Thieves are going underground to steal wire in the Langleys, digging up conduits to get at cables.
Kyle Simpson, manager of engineering operations in Langley City, said the municipality has noticed several instances where thieves have dug holes to get at underground lines in areas where there are no overhead wires to steal.
It appears to be a new tactic, said Simpson, who does not recall dealing with dug-up power lines until this year.
“It’s very frustrating and expensive,” Simpson said.
In some cases, wires have not been removed, simply cut.
“We’re not sure if the people were unsuccessful [in those cases] or if it is more of a vandalism issue,” Simpson said.
For all of 2018, the municipality had budgeted $12,000 for wire-theft repairs.
As of November, costs were at $98,000, the cost of the wires and the labour to replace them.
“It’s been a bad year for wire theft,” Simpson said.
Langley City has already taken steps to make wires harder to steal, and more measures are planned, such as adding tamper-proof bolts to wire access holes and locking lids on junction boxes.
That is expected to cost $15,000, and there is no guarantee it will completely stop the thefts.
“Unfortunately, nothing is fully tamper-proof,” Simpson said.
READ MORE: Spike in wire theft costly for Langley City
Langley Township has also experienced an upswing in wire theft incidents with 14 individual incidents of vandalism and wire theft within the last three months reported to the RMCP.
“It appears to be more rampant with thieves targeting residential areas,” said Brian Edey, Township roads operations manager.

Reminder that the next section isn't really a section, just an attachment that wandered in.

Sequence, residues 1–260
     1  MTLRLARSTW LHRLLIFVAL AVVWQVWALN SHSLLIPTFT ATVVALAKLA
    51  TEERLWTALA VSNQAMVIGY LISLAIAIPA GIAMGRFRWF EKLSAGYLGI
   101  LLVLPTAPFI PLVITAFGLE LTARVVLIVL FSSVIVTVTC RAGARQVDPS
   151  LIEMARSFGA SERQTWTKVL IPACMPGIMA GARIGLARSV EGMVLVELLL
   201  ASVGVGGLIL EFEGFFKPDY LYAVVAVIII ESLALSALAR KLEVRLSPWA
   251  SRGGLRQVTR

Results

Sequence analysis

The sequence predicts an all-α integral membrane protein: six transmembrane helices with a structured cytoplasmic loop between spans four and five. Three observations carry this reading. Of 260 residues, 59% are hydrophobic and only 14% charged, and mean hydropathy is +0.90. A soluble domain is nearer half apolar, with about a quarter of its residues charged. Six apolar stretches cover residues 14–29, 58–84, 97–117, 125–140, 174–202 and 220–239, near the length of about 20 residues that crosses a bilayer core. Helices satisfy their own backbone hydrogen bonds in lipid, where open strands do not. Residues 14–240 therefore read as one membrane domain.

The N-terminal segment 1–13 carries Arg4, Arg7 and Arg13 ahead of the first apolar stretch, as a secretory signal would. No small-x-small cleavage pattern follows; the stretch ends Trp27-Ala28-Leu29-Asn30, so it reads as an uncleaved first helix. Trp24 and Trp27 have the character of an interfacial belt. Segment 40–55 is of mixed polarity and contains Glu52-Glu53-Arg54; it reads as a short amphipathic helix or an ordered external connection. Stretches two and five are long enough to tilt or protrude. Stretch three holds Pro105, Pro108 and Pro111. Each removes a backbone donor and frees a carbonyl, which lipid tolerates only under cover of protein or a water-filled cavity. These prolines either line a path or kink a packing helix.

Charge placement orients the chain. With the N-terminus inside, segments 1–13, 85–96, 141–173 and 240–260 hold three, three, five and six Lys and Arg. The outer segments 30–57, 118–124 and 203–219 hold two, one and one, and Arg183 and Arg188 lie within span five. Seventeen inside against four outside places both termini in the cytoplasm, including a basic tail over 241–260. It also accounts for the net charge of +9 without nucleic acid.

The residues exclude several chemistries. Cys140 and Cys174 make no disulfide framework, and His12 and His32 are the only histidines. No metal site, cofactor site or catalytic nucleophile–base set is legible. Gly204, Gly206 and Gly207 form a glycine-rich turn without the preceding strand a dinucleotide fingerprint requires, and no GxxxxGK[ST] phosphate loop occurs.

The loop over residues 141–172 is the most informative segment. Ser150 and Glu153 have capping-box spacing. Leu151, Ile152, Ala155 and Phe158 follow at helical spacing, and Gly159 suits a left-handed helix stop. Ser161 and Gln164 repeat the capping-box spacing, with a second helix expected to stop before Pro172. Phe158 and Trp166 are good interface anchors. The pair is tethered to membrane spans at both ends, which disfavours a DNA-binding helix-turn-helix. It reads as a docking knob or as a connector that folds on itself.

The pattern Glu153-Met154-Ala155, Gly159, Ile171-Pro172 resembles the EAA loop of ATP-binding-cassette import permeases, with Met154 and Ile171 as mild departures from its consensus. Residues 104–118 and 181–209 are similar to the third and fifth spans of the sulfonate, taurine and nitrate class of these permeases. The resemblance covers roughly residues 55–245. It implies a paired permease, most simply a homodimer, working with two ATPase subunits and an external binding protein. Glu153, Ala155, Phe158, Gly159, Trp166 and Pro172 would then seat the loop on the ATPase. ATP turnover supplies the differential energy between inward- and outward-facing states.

Ebey said the Township has also seen underground lines dug up beside street lights.
“This has been going on for months,” Edey said.
“The new road that was opened recently — University Drive — has had a number of locations where [the ground] was dug out to get at wires.”
He said the method is being used to get around anti-wire-theft devices on the street lights.
The Township typically spends about $30,000 per year for vandalism and repairs including wire theft, but spent about $20,000 on wire theft between January to September and over $30,000 just in October and November .
“With the increase in incidents it will take longer to make repairs,” Edey said.
Langley Township plans to install more anti-wire-theft devices including heavy-duty “hand hole” covers to make it harder to get at wires.
Edey said the average cost of repair per incident averages $2,000 to $2,500.
An anti-metal theft law was passed in 2012 that requires licensed metal dealers and recyclers to keep records of the type of metal they buy and to record the identities of the people they buy it from.
Buyers must also report their purchases to police.
As well, sellers of certain types of metal have to show a driver’s licence or B.C. Identification Card.
In the first year after the law took effect, the number of wire thefts reported by BC Hydro dropped 46 per cent.
This year, copper commodity prices increased on world markets by 20 per cent over last year, said to be due to increased demand created by the rising popularity of electric vehicles.
If residents see people stealing wires they should call police at 911.